"Whether she was a distressed member of the gentry or social upstart, the governess also reflected a new social fluidity, at once both dynamic and destabilizing. She was a reminder that, in this brave new world, one could go up - but also down - the social ladder with startling rapidity. 'Reader, I married him,' Jane Eyre triumphantly asserts - words that would have filled the average Victorian mistress of the house with dread for the safety of her son."
The Dead Duke, His Secret Wife, and the Missing Corpse - Piu Marie Eatwell · Jennifer D.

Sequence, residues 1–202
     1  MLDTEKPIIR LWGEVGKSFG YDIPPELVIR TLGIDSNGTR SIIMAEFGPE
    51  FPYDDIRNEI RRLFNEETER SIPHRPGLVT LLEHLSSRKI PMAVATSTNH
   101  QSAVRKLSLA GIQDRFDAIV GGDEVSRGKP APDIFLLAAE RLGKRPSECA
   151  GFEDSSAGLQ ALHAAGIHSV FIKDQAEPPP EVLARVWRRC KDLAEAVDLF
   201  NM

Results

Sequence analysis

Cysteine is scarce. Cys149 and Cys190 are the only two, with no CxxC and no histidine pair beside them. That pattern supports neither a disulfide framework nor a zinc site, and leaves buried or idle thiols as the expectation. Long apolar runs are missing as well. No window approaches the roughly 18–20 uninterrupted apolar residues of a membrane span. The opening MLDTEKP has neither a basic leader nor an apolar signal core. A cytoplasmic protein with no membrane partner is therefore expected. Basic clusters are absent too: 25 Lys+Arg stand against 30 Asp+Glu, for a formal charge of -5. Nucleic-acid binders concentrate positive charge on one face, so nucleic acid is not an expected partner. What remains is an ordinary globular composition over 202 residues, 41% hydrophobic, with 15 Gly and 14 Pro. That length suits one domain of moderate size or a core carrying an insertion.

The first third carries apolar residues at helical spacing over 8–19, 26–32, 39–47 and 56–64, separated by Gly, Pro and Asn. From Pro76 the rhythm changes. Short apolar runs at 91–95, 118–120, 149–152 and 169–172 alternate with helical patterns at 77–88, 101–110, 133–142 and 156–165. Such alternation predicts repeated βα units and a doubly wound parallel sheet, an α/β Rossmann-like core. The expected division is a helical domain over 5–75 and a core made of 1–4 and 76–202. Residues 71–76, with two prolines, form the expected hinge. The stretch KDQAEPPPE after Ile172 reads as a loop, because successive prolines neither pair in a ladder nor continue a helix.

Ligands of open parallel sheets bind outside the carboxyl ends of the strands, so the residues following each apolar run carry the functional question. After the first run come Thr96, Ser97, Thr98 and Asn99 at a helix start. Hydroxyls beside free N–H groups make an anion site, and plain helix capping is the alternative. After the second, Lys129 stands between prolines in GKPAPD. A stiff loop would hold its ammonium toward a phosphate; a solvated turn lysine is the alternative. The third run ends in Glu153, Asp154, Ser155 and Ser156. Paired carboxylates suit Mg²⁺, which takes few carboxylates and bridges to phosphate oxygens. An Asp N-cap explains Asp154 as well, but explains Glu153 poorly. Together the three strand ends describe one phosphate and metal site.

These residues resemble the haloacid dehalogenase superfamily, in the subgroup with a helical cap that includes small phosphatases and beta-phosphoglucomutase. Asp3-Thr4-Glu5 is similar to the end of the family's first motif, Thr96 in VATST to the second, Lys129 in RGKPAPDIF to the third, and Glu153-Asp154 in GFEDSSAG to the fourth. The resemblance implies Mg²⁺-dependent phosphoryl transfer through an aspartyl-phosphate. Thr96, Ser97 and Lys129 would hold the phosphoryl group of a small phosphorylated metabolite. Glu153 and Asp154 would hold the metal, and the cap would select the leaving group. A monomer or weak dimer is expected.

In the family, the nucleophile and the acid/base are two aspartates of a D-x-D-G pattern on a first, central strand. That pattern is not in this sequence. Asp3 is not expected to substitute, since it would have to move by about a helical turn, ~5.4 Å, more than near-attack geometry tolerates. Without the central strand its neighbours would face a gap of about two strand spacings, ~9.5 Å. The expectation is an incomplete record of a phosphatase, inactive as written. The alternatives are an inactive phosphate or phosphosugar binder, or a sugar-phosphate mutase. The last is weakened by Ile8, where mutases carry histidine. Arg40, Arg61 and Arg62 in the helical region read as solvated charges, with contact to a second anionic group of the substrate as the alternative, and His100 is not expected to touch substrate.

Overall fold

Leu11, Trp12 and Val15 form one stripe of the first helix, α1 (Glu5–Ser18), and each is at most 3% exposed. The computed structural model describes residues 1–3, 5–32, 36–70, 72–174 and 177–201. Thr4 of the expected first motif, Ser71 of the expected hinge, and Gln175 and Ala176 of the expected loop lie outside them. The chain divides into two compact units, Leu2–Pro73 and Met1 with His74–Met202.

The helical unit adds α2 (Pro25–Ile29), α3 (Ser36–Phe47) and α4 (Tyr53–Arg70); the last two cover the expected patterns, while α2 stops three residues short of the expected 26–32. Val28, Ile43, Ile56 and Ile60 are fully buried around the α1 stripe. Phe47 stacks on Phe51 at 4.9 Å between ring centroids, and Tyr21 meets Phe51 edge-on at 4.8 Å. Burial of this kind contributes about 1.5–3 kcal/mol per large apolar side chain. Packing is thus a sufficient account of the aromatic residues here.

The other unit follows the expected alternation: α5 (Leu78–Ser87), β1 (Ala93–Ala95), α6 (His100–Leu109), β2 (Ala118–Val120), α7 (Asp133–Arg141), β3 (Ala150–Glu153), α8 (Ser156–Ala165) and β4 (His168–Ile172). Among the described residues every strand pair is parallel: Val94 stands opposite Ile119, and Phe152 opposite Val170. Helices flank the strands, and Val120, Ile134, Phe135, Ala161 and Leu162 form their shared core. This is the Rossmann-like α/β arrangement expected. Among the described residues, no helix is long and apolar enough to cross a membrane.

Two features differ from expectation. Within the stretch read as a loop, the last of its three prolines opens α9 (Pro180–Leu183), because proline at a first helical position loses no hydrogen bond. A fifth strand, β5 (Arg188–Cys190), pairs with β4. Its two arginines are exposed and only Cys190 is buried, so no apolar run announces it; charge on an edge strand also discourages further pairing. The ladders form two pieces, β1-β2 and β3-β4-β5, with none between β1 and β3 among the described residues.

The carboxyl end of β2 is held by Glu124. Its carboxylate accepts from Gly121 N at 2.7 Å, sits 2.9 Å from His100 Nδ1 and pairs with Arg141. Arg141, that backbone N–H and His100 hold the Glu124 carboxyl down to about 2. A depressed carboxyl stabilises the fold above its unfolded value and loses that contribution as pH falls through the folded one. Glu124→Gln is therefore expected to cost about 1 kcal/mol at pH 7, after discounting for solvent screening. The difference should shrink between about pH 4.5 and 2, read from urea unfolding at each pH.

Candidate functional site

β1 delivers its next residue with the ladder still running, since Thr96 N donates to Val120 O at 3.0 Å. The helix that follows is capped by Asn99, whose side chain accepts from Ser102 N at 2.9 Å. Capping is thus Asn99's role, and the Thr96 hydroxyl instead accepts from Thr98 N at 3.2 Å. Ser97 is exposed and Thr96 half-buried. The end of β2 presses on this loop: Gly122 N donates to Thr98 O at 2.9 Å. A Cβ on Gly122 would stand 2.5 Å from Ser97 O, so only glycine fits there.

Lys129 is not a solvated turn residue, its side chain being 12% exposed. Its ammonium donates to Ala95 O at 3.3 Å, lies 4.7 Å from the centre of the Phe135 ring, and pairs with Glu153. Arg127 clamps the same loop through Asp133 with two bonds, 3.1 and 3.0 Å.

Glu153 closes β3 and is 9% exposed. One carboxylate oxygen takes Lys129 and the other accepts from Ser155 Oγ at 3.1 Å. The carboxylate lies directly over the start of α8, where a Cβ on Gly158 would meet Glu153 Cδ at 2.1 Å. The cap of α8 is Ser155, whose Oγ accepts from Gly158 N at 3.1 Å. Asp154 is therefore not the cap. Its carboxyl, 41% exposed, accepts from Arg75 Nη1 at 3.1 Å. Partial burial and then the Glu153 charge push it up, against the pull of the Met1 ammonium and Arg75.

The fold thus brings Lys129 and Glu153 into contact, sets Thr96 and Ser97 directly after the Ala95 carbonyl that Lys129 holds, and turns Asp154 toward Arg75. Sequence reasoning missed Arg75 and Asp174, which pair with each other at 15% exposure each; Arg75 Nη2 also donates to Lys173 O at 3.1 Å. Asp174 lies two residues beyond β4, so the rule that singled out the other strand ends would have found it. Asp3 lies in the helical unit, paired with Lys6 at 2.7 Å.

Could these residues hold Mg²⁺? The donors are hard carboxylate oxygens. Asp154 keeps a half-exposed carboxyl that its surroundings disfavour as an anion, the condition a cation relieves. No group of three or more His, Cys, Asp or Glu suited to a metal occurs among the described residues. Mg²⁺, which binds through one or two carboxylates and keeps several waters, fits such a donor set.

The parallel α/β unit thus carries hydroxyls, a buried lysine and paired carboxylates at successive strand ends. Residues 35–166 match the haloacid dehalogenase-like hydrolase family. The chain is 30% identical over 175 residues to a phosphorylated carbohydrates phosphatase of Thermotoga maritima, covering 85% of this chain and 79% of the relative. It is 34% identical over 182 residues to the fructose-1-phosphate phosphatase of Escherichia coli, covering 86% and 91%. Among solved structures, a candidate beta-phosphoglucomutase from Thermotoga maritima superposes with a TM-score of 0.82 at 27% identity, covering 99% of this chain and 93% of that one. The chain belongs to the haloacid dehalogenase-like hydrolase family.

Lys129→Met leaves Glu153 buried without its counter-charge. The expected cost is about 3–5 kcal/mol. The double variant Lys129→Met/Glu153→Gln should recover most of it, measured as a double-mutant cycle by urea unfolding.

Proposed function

Governesses are here to steal your heirs! · Jennifer D.
(The author contrasts this with 'gentleman,' which was undergoing a similar, if less fraught, transformation from conferring respectability, to something which could mean manners, breeding, dandy-ism, or any of those together.) · Jennifer D.
To be fair, there are at least three governesses 1/3 of the way into the book, and one of them has stolen an heir and another is really shifty, so there you go. · Jennifer D.
The hand that rocks the cradle... · Meg Vmeg
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